The district attorney’s office prosecuting your DUI case will attempt to use your field sobriety test performance against you. However, a skilled defense attorney may be able to use the same test results to show you were not impaired at all. The attorneys of McCormick and Vilushis will thoroughly review your test performance to determine whether the field sobriety test will aid in your defense.
The National Highway Traffic Safety Administration (NHTSA) has three standard field sobriety tests — the horizontal gaze nystagmus (HGN) test, the walk and turn test, and the one leg stand test. However, sometimes police investigating the case may rely on nonstandardized field sobriety tests. These tactics include the Romberg Balance Test, finger-to-nose test, the alphabet recitation test and the finger-to-thumb test. It can be argued that these tests are less reliable gauges of alcohol-induced impairment.
Almost all field sobriety tests are known as divided-attention tests. What does that mean? It means they can detect impairment by forcing you to concentrate on two separate tasks simultaneously. For example, the charging officer will likely testify about not only how you physically performed, but also how well you followed the verbal instructions of the field sobriety tests.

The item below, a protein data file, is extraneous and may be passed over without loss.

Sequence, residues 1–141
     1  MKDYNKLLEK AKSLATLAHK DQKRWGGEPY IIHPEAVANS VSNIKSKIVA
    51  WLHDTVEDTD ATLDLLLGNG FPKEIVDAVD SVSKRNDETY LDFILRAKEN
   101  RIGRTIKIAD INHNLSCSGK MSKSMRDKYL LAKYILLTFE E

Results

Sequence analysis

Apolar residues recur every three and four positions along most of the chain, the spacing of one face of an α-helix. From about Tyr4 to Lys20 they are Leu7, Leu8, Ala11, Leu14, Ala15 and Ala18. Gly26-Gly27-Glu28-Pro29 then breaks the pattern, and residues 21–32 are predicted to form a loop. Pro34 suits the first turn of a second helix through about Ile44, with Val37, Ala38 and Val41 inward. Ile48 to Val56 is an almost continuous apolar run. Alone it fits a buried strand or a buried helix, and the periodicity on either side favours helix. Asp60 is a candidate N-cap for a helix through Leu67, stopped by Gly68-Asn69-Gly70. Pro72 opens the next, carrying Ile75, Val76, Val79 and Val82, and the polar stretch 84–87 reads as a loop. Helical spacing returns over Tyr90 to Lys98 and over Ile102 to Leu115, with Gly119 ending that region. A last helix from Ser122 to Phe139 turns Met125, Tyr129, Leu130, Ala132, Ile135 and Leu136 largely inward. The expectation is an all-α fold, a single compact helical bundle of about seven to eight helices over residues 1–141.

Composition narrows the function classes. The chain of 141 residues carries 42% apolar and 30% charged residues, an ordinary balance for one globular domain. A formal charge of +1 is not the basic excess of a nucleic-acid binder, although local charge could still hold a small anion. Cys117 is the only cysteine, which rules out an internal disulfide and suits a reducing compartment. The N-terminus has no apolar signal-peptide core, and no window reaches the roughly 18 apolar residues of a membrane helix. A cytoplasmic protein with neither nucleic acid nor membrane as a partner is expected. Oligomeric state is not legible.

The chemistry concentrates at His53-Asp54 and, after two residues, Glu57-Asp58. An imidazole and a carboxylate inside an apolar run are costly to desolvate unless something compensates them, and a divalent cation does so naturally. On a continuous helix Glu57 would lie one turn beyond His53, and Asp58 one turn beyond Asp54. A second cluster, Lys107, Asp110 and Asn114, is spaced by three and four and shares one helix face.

However, field sobriety tests are not perfect, and there are many factors unrelated to alcohol intoxication that could result in poor performance. When necessary, your attorney from McCormick and Vilushis will attempt to prove you “failed” due to issues unrelated to alcohol impairment. Examples of outside influences include things like sickness, injury, extreme fatigue, or other neurological factors.
“Failing” a field sobriety test doesn’t equate to automatic conviction of driving while under the influence. Your experienced attorney at McCormick & Vilushis LLC will thoroughly review your case — including alleged evidence — to determine the best plan of action.
Reliable Solutions From Experienced Attorneys
© 2023 McCormick & Vilushis LLC • All Rights Reserved